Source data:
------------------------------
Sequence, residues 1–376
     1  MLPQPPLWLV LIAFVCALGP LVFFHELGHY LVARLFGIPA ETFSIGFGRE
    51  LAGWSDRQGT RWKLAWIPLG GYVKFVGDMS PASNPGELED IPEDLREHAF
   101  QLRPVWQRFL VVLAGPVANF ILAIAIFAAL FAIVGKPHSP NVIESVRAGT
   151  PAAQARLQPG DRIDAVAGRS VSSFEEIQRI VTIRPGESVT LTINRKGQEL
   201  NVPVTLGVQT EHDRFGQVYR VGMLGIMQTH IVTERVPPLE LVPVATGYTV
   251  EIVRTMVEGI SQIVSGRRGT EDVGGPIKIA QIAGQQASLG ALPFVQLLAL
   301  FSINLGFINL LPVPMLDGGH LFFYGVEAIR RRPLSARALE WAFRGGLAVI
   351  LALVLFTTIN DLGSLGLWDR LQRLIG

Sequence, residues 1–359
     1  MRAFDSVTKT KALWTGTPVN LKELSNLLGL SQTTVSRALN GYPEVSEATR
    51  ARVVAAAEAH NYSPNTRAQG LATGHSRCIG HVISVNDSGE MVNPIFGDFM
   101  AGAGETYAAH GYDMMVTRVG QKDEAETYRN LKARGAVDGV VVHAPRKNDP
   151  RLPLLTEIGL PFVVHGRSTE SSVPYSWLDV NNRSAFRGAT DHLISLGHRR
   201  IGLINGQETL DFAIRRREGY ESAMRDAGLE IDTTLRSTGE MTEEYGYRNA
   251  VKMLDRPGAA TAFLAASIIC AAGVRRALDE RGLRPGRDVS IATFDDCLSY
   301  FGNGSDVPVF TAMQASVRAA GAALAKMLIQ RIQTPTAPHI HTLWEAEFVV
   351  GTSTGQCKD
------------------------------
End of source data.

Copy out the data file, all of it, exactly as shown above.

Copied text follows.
Sequence, residues 1–376
     1  MLPQPPLWLV LIAFVCALGP LVFFHELGHY LVARLFGIPA ETFSIGFGRE
    51  LAGWSDRQGT RWKLAWIPLG GYVKFVGDMS PASNPGELED IPEDLREHAF
   101  QLRPVWQRFL VVLAGPVANF ILAIAIFAAL FAIVGKPHSP NVIESVRAGT
   151  PAAQARLQPG DRIDAVAGRS VSSFEEIQRI VTIRPGESVT LTINRKGQEL
   201  NVPVTLGVQT EHDRFGQVYR VGMLGIMQTH IVTERVPPLE LVPVATGYTV
   251  EIVRTMVEGI SQIVSGRRGT EDVGGPIKIA QIAGQQASLG ALPFVQLLAL
   301  FSINLGFINL LPVPMLDGGH LFFYGVEAIR RRPLSARALE WAFRGGLAVI
   351  LALVLFTTIN DLGSLGLWDR LQRLIG

Sequence, residues 1–359
     1  MRAFDSVTKT KALWTGTPVN LKELSNLLGL SQTTVSRALN GYPEVSEATR
    51  ARVVAAAEAH NYSPNTRAQG LATGHSRCIG HVISVNDSGE MVNPIFGDFM
   101  AGAGETYAAH GYDMMVTRVG QKDEAETYRN LKARGAVDGV VVHAPRKNDP
   151  RLPLLTEIGL PFVVHGRSTE SSVPYSWLDV NNRSAFRGAT DHLISLGHRR
   201  IGLINGQETL DFAIRRREGY ESAMRDAGLE IDTTLRSTGE MTEEYGYRNA
   251  VKMLDRPGAA TAFLAASIIC AAGVRRALDE RGLRPGRDVS IATFDDCLSY
   301  FGNGSDVPVF TAMQASVRAA GAALAKMLIQ RIQTPTAPHI HTLWEAEFVV
   351  GTSTGQCKD